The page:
So, you just left your local gun shop and picked up your ninth Glock. You own about 50-plus pistols, 100 rifles, 80 knives and more holsters and ammo than you know what to do with. But hey, you’re a badass because you carry a firearm and other weapons, right? I mean, you watch all the John Wick movies, you study YouTube and Instagram firearm tactics, so you know what you’re doing right?
Did I just hurt your feelings? Well…do something about it and get better. Go train as if your life, and your loved ones’ lives, depend upon it. But wait for a second, what if the scenario does not call for using a deadly force? What if it’s someone just yelling at you because they’re having a bad day, or they are drunk? What happens if someone just punches you in the face for no reason?
Does this call for the use of deadly force? Some of the questions are obviously rhetorical, but I hope this gets you thinking, and that you are honest with yourself that simply carrying a gun doesn’t make you a badass.
Verbal Jiu-Jitsu is the art of knowing how to talk to someone during a disagreement. Depending on the situation, it can involve being charismatic, social or aggressive. If someone is drunk and bothering you, maybe you can sweet-talk the person with some humor to get them to stop bothering you. Or maybe you need to distract them with a story while you are getting to where you need to be.
If someone cuts you off on the parkway, do you really need to say f#$k you? Do you really need to engage or cut off the person to show them that you are the boss? Well I’m guilty as charged and have done that a handful of times, but that was situation dependent. The point I’m trying to make here is to read the situation. Sometimes, some kind or simple words said in a firm tone will de-escalate a situation that’s heading sideways.
Ground Fighting Skills
But what if verbal Jiu-Jitsu does not help? What if the situation is heated to the point that the person wants to fight? Do you automatically go to your gun? Wait…what about using your $300 folding knife? Does a fistfight warrant the use of deadly force? Well… the real answer is “it depends,” but for this article’s sake, I’m going to say no. While I have seen many people train in knife and gun fighting (for defensive purposes of course), they have never been punched in the face or been in a street fight in their entire life.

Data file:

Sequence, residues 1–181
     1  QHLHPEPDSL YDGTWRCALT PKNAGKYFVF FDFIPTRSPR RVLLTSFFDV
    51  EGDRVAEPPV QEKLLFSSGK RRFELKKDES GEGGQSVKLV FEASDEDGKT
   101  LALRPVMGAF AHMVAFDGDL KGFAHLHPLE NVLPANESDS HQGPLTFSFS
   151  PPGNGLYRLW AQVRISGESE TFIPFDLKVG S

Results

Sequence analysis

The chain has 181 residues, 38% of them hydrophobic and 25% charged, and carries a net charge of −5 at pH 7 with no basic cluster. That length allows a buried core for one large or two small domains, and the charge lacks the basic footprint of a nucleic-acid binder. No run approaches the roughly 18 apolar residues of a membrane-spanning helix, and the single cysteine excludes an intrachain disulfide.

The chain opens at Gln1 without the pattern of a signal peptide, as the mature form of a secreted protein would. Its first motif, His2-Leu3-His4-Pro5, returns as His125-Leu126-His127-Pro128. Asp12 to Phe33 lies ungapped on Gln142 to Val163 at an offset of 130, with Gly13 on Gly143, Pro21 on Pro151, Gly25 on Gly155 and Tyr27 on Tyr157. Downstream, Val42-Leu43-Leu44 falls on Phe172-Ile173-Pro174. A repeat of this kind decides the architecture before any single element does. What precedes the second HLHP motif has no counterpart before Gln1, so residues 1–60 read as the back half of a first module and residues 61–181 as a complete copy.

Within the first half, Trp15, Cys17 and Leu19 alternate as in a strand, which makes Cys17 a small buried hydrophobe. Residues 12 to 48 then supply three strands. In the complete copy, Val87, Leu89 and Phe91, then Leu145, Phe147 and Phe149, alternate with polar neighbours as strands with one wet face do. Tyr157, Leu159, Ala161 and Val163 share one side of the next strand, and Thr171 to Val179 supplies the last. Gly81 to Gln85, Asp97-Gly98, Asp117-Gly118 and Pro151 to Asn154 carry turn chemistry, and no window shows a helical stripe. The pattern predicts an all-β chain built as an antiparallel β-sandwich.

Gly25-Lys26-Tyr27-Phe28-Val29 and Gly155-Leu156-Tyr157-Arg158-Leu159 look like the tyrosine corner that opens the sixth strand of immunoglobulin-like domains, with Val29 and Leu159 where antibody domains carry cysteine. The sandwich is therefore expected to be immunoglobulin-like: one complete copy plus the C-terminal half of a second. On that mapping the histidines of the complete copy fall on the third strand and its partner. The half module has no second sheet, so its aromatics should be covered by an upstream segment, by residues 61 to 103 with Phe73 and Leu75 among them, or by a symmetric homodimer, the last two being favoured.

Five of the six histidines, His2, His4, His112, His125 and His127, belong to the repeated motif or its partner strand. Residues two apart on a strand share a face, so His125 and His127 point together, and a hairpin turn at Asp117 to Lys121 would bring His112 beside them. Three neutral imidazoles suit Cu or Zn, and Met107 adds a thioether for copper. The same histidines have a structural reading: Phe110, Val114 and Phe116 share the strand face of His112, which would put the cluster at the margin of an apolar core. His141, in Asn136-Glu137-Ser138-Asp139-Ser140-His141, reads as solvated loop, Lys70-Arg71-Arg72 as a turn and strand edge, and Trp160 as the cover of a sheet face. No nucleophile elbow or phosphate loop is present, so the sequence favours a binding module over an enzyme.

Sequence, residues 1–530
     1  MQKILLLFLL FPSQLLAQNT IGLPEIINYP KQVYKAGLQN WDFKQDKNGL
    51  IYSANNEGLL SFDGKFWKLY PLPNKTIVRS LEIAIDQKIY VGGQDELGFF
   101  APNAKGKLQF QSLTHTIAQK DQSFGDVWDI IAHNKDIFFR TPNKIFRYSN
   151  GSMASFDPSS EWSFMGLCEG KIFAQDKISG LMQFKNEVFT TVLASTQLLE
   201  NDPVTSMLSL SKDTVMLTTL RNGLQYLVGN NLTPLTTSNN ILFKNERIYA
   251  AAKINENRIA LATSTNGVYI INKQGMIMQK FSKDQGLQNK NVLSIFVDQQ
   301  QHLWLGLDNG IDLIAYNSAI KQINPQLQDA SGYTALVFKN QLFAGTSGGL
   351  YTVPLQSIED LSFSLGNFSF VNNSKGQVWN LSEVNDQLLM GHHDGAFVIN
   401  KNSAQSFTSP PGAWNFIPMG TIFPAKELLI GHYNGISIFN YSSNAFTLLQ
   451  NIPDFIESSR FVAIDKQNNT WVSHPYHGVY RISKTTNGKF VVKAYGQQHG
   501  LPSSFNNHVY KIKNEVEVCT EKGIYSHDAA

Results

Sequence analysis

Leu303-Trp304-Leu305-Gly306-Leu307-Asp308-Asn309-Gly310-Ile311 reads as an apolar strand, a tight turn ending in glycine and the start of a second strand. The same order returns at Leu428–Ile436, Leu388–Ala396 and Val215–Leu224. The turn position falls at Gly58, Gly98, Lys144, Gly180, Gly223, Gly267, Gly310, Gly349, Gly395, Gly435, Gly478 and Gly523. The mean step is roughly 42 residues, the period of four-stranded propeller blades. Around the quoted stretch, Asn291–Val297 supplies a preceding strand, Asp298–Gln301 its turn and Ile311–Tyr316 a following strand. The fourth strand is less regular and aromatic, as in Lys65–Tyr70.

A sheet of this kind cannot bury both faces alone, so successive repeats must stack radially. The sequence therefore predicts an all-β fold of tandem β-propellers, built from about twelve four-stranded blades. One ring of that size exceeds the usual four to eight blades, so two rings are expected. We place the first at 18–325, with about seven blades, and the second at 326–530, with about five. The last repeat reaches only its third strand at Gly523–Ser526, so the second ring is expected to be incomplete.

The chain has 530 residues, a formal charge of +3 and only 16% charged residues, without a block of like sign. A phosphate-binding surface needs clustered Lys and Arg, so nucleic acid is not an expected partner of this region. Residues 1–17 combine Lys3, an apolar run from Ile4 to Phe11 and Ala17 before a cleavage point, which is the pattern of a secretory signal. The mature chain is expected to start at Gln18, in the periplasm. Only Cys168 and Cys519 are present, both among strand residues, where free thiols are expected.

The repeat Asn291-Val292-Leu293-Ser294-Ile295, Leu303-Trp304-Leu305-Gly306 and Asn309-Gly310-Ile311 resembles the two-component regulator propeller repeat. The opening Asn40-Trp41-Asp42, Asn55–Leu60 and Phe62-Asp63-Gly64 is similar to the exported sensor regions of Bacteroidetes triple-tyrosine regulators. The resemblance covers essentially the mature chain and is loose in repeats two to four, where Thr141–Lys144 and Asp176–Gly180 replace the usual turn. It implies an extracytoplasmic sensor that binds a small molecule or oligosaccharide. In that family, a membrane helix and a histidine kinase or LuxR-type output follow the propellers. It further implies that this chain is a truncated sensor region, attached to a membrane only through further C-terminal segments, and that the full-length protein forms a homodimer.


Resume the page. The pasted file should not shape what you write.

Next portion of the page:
Most of these people do not realize how hard it is to get a weapon into the fight when they have been punched, and the person closes the distance on them and is grabbing their primary weapon hand. So, my response to this is pretty simple. Go train Jiu-Jitsu or another art that will allow you to throw hands strategically. Personally, I recommend Jiu-Jitsu because most fights end up on the ground anyway. Everyone thinks that Jiu-Jitsu is pulling the person on top of you, but it’s not. It involves a lot of wrestling-style takedowns for control as well.
Gaining The Edge
Training in this art will allow you to think more clearly and help train your brain and body to react intelligently if someone closes a distance on you from behind with a sneak attack or approaches you aggressively head-on. Most bad guys do not train in martial arts. They use bully tactics, such as loud voices, their size and possibly a bullshit striking tool. If you spend enough time on the mats, you will see that being in a fight is no big deal considering you are doing it while you are training. This will help prepare you for that God-forbidden situation.
And, of course, what if you are in a bad situation and can’t use verbal or hands-on tactics? What if this situation requires the use of deadly force? This is a situation that, as a family man and a good human being, you need to be ready for. Using a firearm for defense is a lot more in-depth than just dry-fire drills, shooting at paper targets at your local range and watching action flicks.
You need to take a class in defensive firearm tactics. I’m referring to a class led by a teacher that has real-world experience and can articulate and teach you skills. Most defensive tactic classes will teach you how to handle one or more threats, how to negotiate different malfunctions, how to draw a pistol from a concealed holster and shoot a pistol while moving. However, a really good class should teach you to dial 911 and use your words first if possible.
Build A Better You
Finding time to train and what you should focus on is simple. Start with Jiu-Jitsu; this is good for you physically and mentally. Also, there is a higher chance you will get into a scuffle with someone than having to shoot someone. The first time you step foot on the mats, you will get an eye-opener on how important it is to train and stay physical.
You will learn that strength is great but not the answer to everything. Whether you can train three days a week or just one, something is better than nothing. As far as firearm training goes, if you can afford to take a few day trips and go to SIG Sauer Academy or Thunder Ranch once a year, that would be amazing. From there, you can you practice what you learned at the range. I would recommend going at least once or twice a month because firearm proficiency is a perishable skill.
Then, when it comes down to communicating with people, this one is a bit of a doozy. If you are the type of person that constantly argues with people, you need to give yourself a reality check and ask yourself “why am I constantly arguing with people?” From there, you can try a different approach when communicating with someone to help get the reaction you want. Be smart, train hard and stay safe, because your life depends on it.
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